Wireless Mesh Coming of Age

Mesh has quickly morphed from a technology that made in-building WLAN deployment easier to a technology that facilitated deployment of outdoor wireless LANs. A number of vendors are in the

Dave Molta

January 6, 2005

3 Min Read
Network Computing logo

It doesn't have to be this way. At least that's the pitch of an emergingarray of vendors touting wireless mesh technology as a solution to thisand many other problems. Rather than worrying about pulling new cablesor feeling constrained to install APs where cables already exist,mesh-based products use radio links instead of Ethernet connections forinfrastructure backhaul. Fueled by sophisticated, on-the-fly routingcapabilities, wireless mesh systems not only offer wireless backhaul,they also deliver fault tolerance through redundant links.

The Mobile Observer

Sign up today for our weekly newsletter, providing unique, in-depth coverage of mobile technologies.

When this market was in its gestation phase last year, we looked atearly indoor offerings from Firetide and Strix Systems. These systemswere marketed primarily to organizations that valued fast deployment. Infact, Firetide still bills itself as the company that provides "instantmesh networks." We were intrigued by the capabilities of these products,but not all that impressed by the price and performance. Still, forenvironments where pulling new backhaul cables isn't practical, theyprovide an effective solution.

Like many technologies, mesh quickly morphed--in response tomarket--demand from a technology that made in-building WLAN deploymenteasier to a technology that facilitated deployment of outdoor wirelessLANs. Tropos and MeshNetworks, which was recently acquired by Motorola,established themselves as leaders in the outdoor market through a numberof intriguing deployments. MeshNetworks was first out of the gate withthe technology and laid claim to the best company name. Meanwhile,Tropos, billing itself as a cellular WLAN provider, signed deals forwireless deployments in Baton Rouge, La., and San Mateo, Calif.

More recently, BelAir Networks emerged as a player in this market,offering a unique, multi-radio carrier-class solution and marketing itnot only as a solution for outdoor access but also as a means of"lighting up" entire buildings from the outside looking in. We recentlytested BelAir's product, which provides access service over 802.11b andbackhaul using 802.11a, on the Syracuse University campus and came awayimpressed with its capabilities. But we're not entirely convinced thatthe market is ready for primetime. The technology still presents manychallenges, mostly related to the tradeoff between coverage andcapacity. If you can't provide a large coverage cell, it's tough tojustify the high cost of these products. As cell size increases, though,more users contend for 802.11's shared spectrum. This situation becomeseven more problematic if users connect at the fringe of the coveragearea where signal levels drop the data rate to 1 Mbps. That effectivelyslows down the entire network.This week, Strix jumped into the market with an outdoor product thatsupports six radios and provides significant flexibility, especiallywhen used with directional antennas. While pricing has not yet beenannounced, we were told that it would be well less than competitors.Also this week, Tropos announced a partnership with Boingo Wireless,which currently offers Wi-Fi hotspot services at over 12,000 locationsworldwide. This move opens the door for more metro hotzone deployments,which have received a fair amount of hype recently.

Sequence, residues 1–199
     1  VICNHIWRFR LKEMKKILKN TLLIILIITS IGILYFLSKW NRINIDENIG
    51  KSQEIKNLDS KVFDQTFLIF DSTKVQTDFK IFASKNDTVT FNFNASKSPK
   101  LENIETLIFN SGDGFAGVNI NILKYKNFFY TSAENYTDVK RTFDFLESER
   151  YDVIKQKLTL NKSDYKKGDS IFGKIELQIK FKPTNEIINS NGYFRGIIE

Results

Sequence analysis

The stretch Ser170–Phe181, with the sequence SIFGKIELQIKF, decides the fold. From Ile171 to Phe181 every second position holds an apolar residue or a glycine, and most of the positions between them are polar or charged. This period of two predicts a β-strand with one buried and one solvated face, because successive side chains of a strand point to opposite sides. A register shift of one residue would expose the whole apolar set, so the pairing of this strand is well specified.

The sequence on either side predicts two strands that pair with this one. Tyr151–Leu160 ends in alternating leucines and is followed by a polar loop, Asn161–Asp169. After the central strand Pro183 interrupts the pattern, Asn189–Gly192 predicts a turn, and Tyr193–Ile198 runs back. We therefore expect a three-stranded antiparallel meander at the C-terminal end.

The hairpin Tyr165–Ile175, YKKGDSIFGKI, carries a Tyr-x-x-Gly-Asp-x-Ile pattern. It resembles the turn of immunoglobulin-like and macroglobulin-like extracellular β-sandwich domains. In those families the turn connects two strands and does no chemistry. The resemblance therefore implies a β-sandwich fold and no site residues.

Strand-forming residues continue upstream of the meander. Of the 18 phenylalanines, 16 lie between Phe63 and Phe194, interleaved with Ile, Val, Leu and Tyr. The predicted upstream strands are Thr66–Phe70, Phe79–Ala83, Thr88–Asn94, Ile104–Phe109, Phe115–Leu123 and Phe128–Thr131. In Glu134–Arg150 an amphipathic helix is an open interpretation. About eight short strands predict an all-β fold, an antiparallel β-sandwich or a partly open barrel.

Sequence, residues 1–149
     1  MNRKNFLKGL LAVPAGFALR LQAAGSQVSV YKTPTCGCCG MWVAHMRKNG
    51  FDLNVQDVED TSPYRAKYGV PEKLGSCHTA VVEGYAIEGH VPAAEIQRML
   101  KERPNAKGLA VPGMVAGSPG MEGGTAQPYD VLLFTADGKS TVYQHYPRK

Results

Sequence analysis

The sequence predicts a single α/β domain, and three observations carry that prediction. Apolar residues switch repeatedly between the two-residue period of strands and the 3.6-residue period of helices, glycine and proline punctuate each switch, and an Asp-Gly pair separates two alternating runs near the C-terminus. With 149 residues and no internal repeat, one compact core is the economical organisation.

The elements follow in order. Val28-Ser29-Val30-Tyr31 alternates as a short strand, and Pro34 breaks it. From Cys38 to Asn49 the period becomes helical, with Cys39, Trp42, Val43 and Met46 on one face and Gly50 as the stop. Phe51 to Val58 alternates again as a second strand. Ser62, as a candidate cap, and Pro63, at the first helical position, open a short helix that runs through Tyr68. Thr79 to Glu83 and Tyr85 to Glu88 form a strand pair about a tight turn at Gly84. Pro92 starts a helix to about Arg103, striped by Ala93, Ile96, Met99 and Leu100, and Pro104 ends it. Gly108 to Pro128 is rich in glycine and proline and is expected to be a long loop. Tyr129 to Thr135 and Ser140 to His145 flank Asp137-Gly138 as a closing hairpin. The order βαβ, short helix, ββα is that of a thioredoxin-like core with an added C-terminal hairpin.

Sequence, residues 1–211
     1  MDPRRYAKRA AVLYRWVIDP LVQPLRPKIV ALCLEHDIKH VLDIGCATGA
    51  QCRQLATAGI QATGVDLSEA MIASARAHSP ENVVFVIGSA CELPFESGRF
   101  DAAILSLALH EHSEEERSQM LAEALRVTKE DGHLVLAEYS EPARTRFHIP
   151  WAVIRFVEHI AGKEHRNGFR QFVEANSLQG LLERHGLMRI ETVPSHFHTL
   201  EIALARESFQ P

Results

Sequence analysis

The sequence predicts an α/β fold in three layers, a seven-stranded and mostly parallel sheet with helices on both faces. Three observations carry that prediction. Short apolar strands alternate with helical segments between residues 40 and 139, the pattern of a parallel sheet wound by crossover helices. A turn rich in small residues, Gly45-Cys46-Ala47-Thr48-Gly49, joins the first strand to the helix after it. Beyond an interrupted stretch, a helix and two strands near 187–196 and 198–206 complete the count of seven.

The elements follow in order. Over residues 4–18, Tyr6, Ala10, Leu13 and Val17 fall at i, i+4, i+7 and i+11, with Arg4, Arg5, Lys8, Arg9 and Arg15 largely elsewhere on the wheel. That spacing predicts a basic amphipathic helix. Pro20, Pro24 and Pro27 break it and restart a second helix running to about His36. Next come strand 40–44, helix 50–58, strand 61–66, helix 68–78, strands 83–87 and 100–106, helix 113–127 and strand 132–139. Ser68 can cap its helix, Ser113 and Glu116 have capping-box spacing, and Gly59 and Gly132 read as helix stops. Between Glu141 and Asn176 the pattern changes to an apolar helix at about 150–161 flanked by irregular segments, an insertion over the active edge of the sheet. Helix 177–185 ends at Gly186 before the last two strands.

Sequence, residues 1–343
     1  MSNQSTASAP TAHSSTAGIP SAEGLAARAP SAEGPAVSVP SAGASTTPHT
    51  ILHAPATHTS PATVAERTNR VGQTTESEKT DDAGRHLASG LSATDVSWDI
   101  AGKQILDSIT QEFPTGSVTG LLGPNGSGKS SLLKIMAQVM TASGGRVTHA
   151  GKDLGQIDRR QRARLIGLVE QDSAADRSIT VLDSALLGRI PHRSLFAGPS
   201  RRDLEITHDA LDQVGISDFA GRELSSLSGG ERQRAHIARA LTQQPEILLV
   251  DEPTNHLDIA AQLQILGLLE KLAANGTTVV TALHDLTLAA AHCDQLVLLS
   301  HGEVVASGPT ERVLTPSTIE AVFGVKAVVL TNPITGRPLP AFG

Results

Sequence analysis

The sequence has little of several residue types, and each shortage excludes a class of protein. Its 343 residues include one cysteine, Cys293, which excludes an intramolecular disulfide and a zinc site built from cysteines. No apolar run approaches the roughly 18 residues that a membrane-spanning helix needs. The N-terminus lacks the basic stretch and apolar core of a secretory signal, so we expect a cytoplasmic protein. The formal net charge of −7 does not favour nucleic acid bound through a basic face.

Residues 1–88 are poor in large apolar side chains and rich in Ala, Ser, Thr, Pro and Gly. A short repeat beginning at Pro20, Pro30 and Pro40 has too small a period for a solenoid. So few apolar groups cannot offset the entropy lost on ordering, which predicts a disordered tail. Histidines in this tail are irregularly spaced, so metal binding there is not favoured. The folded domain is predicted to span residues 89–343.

We're still not convinced that public-access metro Wi-Fi has legs. Thereare immense technical and political obstacles. In fact, over a dozenstates have already enacted legislation, some of it under pressure fromincumbent cellular carriers, to restrict these citywide deployments.However, even if public metro Wi-Fi never takes off, there are stillplenty of other interesting applications, including public safety, wherelaw-enforcement agencies are looking to enhance communications withouthaving to contract for services with traditional cellular dataproviders. And there's plenty of grant money available for thesedeployments.

If mesh takes off in this market, it will provide a live laboratory inwhich technology problems can be addressed while also providing R&Dcapital to the vendors plying their wares in this market. And withindustry heavyweights like Motorola and Nortel also getting into thegame, you can bet you'll be hearing more out of the wireless mesh marketin 2005.

Dave Molta is Network Computing's senior technology editor. Write to him at [email protected]

Stay informed! Sign up to get expert advice and insight delivered direct to your inbox

You May Also Like

More Insights